Doctor Faustus | Study Guide

Christopher Marlowe

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Doctor Faustus | Act 1, Scene 3 | Summary

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Summary

Faustus has sufficiently mastered the art of conjuring to call up a devil one winter's evening. Consulting a book of spells, he draws circles, signs, and symbols. He writes Jehovah's name backward and forward and then rearranges it to form different words. He shortens the names of the saints. Then chanting in Latin, he invokes the powers of heaven and hell, calling upon the devils of Hades, the Holy Trinity, the spirits of fire, air, water, and Earth, Belzebub, and Demogorgon (a demon). He commands that Mephastophilis appear.

When a devil shows up, Faustus judges him "too ugly to attend on me" and sends him off to change his shape into something more pleasing. He sarcastically suggests that the guise of an old Franciscan friar would be appropriate. He's delighted when the devil immediately departs, and he anticipates that "this Mephastophilis" will be an obedient, humble servant.

Mephastophilis appears and asks Faustus what he wants of him. When Faustus demands that the devil serve him, Mephastophilis explains that he cannot without permission from his master, Lucifer. He has not come in response to Faustus's summons but on his own. He is intrigued to assess the condition of Faustus's soul, which he hopes to obtain. The doctor's conjuring is a sure sign of a man in danger of being damned.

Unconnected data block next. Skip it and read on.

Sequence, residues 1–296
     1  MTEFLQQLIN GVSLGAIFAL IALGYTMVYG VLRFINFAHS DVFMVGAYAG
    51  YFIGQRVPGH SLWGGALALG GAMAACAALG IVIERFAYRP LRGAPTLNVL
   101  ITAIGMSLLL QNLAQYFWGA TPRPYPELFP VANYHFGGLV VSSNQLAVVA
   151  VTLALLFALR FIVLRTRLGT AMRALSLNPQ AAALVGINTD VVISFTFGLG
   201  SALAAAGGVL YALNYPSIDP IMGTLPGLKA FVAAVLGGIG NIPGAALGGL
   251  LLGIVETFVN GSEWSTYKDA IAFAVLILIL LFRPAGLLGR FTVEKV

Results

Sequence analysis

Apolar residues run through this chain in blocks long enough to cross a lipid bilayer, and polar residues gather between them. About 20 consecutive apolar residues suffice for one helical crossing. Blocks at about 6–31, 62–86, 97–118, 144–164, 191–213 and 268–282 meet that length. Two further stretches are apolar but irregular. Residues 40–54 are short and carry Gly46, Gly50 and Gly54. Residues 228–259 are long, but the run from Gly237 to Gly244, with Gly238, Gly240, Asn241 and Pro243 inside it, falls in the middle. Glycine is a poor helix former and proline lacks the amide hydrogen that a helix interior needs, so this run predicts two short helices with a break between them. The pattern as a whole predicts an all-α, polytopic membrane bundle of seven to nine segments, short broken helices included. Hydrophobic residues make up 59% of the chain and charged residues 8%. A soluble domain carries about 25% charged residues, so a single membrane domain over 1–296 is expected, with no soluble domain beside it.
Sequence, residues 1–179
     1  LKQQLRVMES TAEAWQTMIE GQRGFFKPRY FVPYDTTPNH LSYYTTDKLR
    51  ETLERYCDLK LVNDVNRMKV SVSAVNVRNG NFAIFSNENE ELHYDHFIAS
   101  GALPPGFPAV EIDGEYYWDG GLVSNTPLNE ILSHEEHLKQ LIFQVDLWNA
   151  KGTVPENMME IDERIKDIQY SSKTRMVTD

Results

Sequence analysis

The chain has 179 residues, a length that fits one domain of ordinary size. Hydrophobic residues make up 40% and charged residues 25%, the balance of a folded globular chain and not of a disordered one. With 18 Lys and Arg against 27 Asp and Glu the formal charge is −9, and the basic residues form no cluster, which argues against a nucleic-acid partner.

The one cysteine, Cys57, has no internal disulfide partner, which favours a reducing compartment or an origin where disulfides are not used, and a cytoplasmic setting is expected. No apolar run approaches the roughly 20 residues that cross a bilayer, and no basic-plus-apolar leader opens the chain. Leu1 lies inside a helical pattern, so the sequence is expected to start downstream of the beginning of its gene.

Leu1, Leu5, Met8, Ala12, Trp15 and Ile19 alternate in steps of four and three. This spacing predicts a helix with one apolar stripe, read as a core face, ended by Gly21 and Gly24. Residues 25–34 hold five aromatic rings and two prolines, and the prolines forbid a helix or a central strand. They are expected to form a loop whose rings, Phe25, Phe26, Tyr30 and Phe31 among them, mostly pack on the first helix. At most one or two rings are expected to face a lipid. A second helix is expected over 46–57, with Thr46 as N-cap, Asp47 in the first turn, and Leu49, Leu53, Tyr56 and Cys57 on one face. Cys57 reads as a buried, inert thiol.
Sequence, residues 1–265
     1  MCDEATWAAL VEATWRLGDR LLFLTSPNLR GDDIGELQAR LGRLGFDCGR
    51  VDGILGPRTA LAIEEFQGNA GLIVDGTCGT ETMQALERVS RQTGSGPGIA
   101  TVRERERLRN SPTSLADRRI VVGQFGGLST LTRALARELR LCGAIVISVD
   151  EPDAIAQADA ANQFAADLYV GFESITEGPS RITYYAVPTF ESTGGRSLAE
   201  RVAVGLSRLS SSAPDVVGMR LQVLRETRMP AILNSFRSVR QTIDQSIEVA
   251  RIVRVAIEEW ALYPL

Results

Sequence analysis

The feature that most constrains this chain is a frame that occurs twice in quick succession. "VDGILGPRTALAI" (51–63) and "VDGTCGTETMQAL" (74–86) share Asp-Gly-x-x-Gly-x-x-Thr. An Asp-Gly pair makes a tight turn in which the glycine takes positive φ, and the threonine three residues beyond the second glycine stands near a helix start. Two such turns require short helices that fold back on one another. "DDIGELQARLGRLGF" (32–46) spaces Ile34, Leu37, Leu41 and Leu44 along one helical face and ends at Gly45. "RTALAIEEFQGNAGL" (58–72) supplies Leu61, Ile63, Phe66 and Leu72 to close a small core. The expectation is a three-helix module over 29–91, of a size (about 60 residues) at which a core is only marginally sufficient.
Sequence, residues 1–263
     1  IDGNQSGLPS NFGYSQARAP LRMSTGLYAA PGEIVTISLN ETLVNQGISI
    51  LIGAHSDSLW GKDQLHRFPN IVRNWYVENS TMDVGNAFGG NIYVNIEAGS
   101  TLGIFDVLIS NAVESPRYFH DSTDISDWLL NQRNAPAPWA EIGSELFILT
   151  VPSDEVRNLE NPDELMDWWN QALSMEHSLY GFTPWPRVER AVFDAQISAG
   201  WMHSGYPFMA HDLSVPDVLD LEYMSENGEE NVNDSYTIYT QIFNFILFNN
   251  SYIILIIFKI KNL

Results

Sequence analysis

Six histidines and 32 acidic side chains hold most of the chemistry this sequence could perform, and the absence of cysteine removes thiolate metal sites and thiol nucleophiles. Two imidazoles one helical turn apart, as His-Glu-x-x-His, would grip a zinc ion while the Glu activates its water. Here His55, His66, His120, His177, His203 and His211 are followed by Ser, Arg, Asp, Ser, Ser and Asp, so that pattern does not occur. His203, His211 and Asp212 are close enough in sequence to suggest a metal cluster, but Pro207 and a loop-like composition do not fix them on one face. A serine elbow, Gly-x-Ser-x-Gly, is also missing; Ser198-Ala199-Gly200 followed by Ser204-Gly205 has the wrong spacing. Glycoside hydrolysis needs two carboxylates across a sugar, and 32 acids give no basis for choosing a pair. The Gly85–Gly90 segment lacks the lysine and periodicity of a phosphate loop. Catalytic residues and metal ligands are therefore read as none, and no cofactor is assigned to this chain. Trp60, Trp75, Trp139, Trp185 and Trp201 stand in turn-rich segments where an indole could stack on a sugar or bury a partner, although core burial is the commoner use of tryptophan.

In answer to Faustus's questions, Mephastophilis describes the nature of Lucifer as a fallen angel, his status as prince of devils, and how God threw him out of heaven for pride and insolence. Mephastophilis explains that he, being one of Lucifer's followers, was damned with him. Reflecting on the everlasting torment he endures being separated from God, Mephastophilis warns Faustus to turn back from the course he has chosen. Dismissively, Faustus tells him to return to his master, Lucifer, and offer his (Faustus's) soul in exchange for 24 years of service from Mephastophilis, who must do whatever he asks. Faustus also notes that during this time he wishes to live a life of "voluptuousness," one filled with pleasure and luxury. He wants an answer by midnight. Once the devil departs, Faustus contemplates all that he will do with his anticipated power. He will be emperor of the world, capable of great feats, such as joining the continental coastline of Africa to that of Spain.

Analysis

Some time has passed, and Faustus has been diligently studying the art of conjuring. The spell he cites in Latin begins by calling on the gods of Acheron (Hades) and the threefold spirit of Jehovah (the Holy Trinity) to aid him. This blasphemy is all the more shocking coming from a theologian. Once again, Faustus's bold use of it calls into question the depth of his former religious convictions. The doctor ends his incantation with more blasphemy by sprinkling around holy water ("consecratam aquam") and making the sign of the cross. Holy water, which has been blessed by a priest, is used in Catholic religious ceremonies, such as baptism and last rites, and is considered a powerful spiritual weapon.